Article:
The Growth of Asylums

In the 1700s and 1800s, it became much more common to institutionalize the mentally ill, and this unhappy development also affected many OCD sufferers.

In the mid-1700s, Susannah Wesley was aghast that a man possibly suffering only from scrupulosity was involuntarily committed to a "madhouse."1

picture of J.E.D. Esquirol
J.E.D. Esquirol

The French physician J.E.D. Esquirol, who in the 1830s described a patient's compulsive-checking symptom, wrote that such patients "dissemble their condition, in presence of those who notice them, and have authority to decide on the question of their isolation; . . . [and] impose upon judicial magistrates in their legal capacity, when about to administer upon their persons or fortune[.]"2

picture of woman with religious melancholy
An image labeled "religious melancholy," circa 1858

The image at left shows a woman suffering from "religious melancholy" (a term that usually meant scrupulosity) who was institutionalized at the Surrey County Lunatic Asylum in the 1850s.3

By the late 19th century, physicians reached a consensus that Os and Cs were not a form of insanity. It became more unusual to put OCD sufferers in asylums. This advance came about largely as a result of the effort to classify and categorize this and other mental illnesses.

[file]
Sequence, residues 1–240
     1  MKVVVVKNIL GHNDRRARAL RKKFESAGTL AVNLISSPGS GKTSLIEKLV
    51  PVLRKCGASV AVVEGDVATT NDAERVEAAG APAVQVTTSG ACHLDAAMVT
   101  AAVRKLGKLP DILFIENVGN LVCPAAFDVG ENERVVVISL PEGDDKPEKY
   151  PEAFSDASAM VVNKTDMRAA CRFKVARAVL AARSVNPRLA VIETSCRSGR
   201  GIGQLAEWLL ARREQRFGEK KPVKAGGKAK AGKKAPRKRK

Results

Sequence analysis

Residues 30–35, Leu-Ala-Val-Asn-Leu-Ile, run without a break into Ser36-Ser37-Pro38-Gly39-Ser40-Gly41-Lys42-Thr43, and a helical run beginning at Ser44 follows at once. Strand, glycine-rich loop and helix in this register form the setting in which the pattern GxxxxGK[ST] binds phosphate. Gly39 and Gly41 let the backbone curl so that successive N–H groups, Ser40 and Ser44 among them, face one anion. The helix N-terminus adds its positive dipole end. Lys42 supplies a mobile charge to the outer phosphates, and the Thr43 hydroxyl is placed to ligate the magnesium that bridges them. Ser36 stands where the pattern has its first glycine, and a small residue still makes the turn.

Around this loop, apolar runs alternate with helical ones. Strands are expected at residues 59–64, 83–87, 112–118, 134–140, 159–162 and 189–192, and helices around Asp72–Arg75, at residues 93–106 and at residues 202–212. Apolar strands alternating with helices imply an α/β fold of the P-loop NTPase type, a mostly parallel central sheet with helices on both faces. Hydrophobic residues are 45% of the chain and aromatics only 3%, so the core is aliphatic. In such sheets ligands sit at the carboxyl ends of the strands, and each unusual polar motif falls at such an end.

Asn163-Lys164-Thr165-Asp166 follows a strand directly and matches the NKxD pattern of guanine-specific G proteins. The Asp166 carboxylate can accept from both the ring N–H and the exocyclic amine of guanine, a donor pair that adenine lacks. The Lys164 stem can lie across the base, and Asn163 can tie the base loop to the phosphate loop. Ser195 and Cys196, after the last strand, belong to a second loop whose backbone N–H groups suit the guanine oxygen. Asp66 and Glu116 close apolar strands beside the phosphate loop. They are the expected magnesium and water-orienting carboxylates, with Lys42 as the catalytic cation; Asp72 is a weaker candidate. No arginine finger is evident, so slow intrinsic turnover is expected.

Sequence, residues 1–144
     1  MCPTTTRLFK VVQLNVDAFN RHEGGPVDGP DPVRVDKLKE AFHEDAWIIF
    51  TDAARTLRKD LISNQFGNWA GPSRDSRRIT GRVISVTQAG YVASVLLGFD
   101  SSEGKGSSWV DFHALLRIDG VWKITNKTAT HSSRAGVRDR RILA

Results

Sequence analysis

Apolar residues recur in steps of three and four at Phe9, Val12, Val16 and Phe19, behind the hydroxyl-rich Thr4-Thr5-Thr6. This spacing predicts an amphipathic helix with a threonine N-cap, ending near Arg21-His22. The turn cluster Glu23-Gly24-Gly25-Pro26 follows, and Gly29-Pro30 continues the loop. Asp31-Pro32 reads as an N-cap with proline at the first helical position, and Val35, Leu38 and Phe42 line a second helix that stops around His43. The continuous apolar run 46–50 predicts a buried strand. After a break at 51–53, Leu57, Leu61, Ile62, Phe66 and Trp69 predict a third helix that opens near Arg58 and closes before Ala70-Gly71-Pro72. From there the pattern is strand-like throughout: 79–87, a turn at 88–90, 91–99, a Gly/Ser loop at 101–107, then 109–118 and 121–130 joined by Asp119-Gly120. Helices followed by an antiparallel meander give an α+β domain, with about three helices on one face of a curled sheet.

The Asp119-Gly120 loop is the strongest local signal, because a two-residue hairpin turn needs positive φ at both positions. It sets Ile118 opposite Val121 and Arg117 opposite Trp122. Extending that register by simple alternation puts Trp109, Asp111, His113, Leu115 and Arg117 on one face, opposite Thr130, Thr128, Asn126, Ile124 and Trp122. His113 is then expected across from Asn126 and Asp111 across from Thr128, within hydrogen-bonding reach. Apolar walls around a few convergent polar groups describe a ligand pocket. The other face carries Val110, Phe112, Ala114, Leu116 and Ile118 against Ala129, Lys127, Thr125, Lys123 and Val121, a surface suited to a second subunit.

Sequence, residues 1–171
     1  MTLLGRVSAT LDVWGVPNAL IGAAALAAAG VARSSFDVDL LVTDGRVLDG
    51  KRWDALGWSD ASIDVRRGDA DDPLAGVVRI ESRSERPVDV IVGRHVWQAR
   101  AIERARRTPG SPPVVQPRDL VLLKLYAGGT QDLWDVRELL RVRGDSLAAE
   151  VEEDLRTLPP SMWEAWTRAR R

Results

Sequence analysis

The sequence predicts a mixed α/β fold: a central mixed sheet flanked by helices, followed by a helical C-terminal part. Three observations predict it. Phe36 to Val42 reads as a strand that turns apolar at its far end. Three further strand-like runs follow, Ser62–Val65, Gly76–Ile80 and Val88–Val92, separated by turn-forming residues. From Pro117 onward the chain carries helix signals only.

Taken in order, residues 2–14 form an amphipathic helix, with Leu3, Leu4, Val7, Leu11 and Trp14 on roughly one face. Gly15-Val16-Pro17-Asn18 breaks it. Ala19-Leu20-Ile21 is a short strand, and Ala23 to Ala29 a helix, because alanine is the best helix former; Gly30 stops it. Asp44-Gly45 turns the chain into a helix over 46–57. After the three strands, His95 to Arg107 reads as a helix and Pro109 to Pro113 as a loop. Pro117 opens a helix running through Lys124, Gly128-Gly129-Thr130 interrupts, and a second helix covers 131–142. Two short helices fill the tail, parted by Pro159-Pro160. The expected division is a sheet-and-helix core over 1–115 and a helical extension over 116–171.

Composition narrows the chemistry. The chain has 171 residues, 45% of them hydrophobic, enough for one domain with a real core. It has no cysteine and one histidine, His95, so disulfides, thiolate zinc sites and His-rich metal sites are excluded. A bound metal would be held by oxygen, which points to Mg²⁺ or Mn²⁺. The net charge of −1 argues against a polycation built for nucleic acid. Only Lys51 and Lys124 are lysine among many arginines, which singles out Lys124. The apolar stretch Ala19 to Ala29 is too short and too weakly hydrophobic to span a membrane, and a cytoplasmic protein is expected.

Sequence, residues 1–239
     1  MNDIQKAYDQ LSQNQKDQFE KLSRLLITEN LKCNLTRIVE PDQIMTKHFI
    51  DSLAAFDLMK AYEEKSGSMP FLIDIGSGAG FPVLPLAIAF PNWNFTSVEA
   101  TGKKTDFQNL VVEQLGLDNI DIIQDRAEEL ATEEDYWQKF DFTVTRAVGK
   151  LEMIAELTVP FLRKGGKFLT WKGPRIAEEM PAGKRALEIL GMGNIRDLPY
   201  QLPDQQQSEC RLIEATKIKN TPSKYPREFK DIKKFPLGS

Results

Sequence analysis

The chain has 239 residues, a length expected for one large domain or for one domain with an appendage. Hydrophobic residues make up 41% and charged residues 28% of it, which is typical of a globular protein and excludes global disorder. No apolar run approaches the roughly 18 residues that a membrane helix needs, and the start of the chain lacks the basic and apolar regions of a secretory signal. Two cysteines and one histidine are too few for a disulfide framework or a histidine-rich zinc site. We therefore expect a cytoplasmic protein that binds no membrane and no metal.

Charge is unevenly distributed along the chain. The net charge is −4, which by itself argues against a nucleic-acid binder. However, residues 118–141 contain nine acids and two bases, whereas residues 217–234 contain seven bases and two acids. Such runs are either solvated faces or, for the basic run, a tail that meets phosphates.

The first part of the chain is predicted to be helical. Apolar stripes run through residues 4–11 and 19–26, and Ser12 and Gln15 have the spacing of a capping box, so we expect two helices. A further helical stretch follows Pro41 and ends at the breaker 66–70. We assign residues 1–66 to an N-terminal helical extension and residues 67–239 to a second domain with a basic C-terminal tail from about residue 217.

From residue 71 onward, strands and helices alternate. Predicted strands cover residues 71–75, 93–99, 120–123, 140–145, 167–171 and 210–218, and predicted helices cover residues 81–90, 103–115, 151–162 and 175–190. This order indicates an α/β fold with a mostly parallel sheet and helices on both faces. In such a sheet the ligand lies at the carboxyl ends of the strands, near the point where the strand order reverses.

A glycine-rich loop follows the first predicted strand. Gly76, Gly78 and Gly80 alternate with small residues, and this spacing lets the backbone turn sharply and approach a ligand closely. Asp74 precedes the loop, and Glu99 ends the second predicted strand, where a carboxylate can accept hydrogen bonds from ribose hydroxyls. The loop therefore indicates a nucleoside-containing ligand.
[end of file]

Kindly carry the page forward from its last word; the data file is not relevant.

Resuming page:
1Susannah Wesley's letter to her son John (1746).

2J.E.D. Esquirol (1838), p. 351.

3This image is based on a photograph taken by Hugh W. Diamond. Using an early camera, Diamond took photographs of some of the patients at the Surrey County Lunatic Asylum in the 1850s. He labeled this image "religious melancholy," which usually meant scrupulosity. The image (a print made from the photograph) is available from the Wellcome Library. See also Numbers, 1986, p. 56.


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